It is unfortunate that the bloody terrorist attacks in Paris have led to proposals that generate far more heat than light. The usual flock of hawks calls for massive bombing campaigns against ISIS‐held areas in Syria and Iraq while lobbying for the United States to send combat units, not just training and special ops personnel, into both theaters. Yet most of those same individuals also seek to oust Syrian dictator Bashar al‐Assad from power, exclude Russia from the region and roll back Iran’s growing influence. Their preferred strategy is an incoherent mess—and any reasonable debate about a response to ISIS must take into account some inconvenient truths.
Iran and its Shiite allies are crucial opponents of ISIS:
Any campaign to undermine Iranian power automatically benefits ISIS. Some of the most tenacious and effective military opponents of that radical insurgency have been forces backed by Tehran. Those include Shiite militias in Iraq, Assad with his Syrian Alawite base and Hezbollah in Lebanon. That is not surprising. ISIS is first and foremost an extremist Sunni movement that generates most of its strength from predominantly Sunni regions in Iraq and Syria. Although ISIS fighters hate the Western powers, especially after the United States and its allies launched airstrikes against their caliphate, they harbor an even greater hatred for all Shiites, whom Sunni militants regard as evil heretics. An important component of the volatile conflicts in so many portions of the Middle East is a blood feud between Sunnis and Shiites. Hence, Iran and its allies are enemies of ISIS that are unlikely to relent. Instead of spurning their contribution, the West should recognize it as an important tactical benefit.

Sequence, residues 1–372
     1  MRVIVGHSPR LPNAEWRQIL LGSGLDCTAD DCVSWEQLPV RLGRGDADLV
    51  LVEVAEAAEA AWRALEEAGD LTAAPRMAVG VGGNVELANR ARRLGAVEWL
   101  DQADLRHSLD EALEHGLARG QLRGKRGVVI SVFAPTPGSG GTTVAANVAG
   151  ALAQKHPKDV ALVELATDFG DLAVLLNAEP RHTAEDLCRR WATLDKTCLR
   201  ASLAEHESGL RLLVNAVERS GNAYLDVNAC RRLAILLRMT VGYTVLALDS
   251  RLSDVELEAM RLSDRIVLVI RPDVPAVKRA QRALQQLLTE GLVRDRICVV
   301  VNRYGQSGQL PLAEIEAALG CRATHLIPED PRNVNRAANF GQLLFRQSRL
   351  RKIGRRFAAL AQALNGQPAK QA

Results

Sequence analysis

The major Sunni powers are unreliable allies against ISIS:
The uncomfortable reality is that such countries as Saudi Arabia, Qatar and Turkey helped create the ISIS threat. Early on, wealthy contributors from the Gulf countries funded the factions that coalesced to become ISIS. Even when the horrifying nature of that movement became evident, the leading Sunni powers displayed ambivalence, at best, about opposing the insurgency. Ankara still seems more concerned about undermining burgeoning Kurdish power in northern Syria than with weakening ISIS. And Riyadh and its Gulf allies have been pulling back, rather than increasing, their belated military opposition to that movement. Once again, there appears to be an element of Sunni solidarity that has crept into their calculations. Although the United States and the other Western powers may experience some success in pressuring key Sunni countries to confront ISIS, those countries will never be more than reluctant partners in such an enterprise.
Russia will insist on being a player in the Middle East:
It is utterly unrealistic to try to exclude Moscow from involvement in Middle East affairs. Although Syria lies barely 500 miles from Russia’s southern border, most American opinion leaders seem outraged that Vladimir Putin has decided to intervene militarily or even become involved diplomatically. Yet they consider it perfectly reasonable for the United States to intrude, even though Syria is 5,500 miles from the American homeland. Given the geographic proximity and the possible impact of Middle East instability on Russia’s own Muslim populations, it is both arrogant and irrational for U.S. leaders to seek to force that country to remain on the sidelines and let Washington try to resolve the region’s myriad problems. Moreover, Putin shows no willingness to abandon his intervention, and short of triggering an extremely dangerous crisis with a nuclear‐armed power, the United States has no way of compelling him to do so.